Apple (Nasdaq: AAPL) is just full of milestones these days. It seems the Cupertino Colossus spits one out every few weeks. Last night’s milestone: briefly topping US$600 billion in market cap.
Thanks to its intraday high of more than $644 before pulling back a little, the Mac maker was able to cross that threshold shortly, hitting a new all-time high after hitting one just yesterday.
Let’s quickly revisit some of the other notable events that the Mac maker saw over the past few months.
- Jan. 19 – US$400 billion market cap.
- Jan. 25 – Record first quarter earnings: US$46.33 billion in sales, US$13 billion in net income, 37 million iPhones sold, and 15.4 million iPads sold.
- Feb. 9 – US$500 share price.
- Feb. 29 – US$500 billion market cap.
- March 7 – Third-generation iPad unveiled.
- March 15 — US$600 share price.
- March 21 – 3 million third-generation iPads sold over launch weekend.
- Today — US$600 billion market cap.
That’s a jam-packed quarter that would keep anyone busy. Apple shares have since pulled back and ended in the red, along with just about everything else overnight. However, the company is on the verge of pushing into uncharted territory and topping longtime rival Microsoft‘s (Nasdaq: MSFT) record market cap of US$619 billion in December 1999.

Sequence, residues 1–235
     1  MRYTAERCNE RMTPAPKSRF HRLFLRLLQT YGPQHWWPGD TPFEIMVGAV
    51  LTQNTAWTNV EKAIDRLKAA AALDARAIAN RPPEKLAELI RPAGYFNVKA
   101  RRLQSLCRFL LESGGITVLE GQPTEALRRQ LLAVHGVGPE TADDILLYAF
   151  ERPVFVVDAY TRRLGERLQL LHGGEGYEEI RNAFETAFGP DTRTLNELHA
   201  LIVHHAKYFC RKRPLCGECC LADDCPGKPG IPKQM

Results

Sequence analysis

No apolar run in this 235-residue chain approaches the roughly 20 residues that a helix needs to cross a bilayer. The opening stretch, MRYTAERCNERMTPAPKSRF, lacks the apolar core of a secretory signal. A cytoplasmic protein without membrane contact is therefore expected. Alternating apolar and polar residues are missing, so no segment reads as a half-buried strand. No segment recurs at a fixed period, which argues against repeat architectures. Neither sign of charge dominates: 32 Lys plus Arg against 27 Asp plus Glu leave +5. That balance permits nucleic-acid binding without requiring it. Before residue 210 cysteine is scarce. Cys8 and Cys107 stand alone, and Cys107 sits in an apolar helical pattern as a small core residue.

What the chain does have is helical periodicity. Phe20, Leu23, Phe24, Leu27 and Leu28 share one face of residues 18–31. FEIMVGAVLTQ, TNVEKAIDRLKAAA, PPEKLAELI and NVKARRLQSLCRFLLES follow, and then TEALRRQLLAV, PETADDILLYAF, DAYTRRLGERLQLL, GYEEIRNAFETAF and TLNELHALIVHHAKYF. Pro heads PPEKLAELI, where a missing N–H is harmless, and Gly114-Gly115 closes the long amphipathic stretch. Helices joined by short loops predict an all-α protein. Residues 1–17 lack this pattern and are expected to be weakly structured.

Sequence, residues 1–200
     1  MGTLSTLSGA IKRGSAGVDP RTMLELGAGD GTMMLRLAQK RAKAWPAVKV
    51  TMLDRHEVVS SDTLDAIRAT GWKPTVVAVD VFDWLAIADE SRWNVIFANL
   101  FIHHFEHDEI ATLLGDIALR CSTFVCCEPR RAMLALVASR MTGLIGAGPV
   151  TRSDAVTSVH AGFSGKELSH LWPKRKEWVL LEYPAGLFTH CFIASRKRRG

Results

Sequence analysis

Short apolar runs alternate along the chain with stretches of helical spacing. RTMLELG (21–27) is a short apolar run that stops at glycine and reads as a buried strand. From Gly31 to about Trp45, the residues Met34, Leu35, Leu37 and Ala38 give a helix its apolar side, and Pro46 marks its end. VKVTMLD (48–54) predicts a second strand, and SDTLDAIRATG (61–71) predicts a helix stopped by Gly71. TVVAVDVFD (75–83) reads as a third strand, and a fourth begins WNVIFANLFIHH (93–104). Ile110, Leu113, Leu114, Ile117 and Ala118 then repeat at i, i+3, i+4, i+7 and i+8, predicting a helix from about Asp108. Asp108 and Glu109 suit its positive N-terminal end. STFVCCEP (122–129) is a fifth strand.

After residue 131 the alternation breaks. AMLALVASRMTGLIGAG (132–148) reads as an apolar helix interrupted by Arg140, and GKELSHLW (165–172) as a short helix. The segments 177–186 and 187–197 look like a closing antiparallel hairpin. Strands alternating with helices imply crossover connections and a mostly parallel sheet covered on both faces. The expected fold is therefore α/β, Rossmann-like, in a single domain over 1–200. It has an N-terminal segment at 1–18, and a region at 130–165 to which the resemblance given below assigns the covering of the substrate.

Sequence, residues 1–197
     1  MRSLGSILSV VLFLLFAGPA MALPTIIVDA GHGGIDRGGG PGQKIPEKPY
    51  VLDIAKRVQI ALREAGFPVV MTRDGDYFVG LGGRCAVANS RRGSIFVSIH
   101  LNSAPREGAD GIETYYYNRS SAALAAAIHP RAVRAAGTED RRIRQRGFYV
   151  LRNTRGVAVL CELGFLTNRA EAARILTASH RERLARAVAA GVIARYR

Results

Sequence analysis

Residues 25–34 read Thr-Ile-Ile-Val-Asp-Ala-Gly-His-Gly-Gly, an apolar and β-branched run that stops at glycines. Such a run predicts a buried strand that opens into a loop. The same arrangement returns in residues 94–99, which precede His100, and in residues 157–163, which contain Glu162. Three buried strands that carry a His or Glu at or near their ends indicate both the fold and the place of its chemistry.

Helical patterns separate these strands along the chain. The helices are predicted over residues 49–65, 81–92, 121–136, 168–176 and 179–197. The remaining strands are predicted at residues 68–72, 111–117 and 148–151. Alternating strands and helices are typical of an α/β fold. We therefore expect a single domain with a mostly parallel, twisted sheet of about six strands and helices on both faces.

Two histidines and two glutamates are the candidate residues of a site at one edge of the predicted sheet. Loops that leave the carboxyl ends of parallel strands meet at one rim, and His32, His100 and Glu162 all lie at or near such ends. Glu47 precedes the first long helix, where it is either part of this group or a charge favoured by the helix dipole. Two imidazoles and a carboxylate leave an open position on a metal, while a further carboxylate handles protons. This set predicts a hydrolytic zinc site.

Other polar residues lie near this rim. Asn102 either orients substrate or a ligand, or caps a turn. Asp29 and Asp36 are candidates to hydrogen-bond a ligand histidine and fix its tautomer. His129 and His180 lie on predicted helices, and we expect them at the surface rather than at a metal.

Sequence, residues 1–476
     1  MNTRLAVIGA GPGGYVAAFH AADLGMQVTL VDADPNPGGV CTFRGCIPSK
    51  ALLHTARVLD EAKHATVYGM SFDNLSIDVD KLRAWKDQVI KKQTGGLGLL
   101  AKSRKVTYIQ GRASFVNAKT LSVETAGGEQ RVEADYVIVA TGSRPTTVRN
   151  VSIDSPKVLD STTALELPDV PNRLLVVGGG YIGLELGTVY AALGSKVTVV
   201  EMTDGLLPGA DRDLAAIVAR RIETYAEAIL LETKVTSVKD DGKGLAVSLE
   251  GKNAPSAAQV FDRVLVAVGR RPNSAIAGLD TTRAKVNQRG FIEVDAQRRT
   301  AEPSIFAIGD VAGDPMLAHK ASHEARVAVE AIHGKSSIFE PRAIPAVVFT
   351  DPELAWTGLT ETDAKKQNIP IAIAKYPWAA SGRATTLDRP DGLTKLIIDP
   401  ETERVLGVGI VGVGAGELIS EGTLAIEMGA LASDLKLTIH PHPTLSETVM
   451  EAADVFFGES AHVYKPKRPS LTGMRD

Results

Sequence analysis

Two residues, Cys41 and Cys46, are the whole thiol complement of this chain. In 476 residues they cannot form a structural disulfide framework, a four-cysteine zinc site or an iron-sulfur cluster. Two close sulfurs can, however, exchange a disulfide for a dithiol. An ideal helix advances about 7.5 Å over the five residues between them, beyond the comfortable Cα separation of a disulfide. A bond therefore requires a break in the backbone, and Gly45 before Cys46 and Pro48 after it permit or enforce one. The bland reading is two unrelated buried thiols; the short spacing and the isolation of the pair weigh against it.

The difference is that Microsoft’s record was at the height of the tech bubble and shares traded as high as nearly 73 times earnings at the time, compared with Apple’s current P/E of just 18. That’s a big discrepancy in valuation, and it shows that Apple’s recent run is certainly more justified than Microsoft’s was more than 12 years ago.
Apple doesn’t look as if it will be passing the market crown back to ExxonMobil (NYSE: XOM) anytime soon, as the oil giant’s market cap now trails at US$395 billion. Main mobile rival Google (Nasdaq: GOOG) can’t compete in this race, either, with its US$205 billion market cap.
There doesn’t seem to be an end in sight, as Street analysts now have price targets as high as $910, $960, or $1,001, among others.
Are there still any trillion-dollar sceptics out there?
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This article contains general investment advice only (under AFSL 400691). Authorised by Bruce Jackson.
A version of this article was originally published on fool.com
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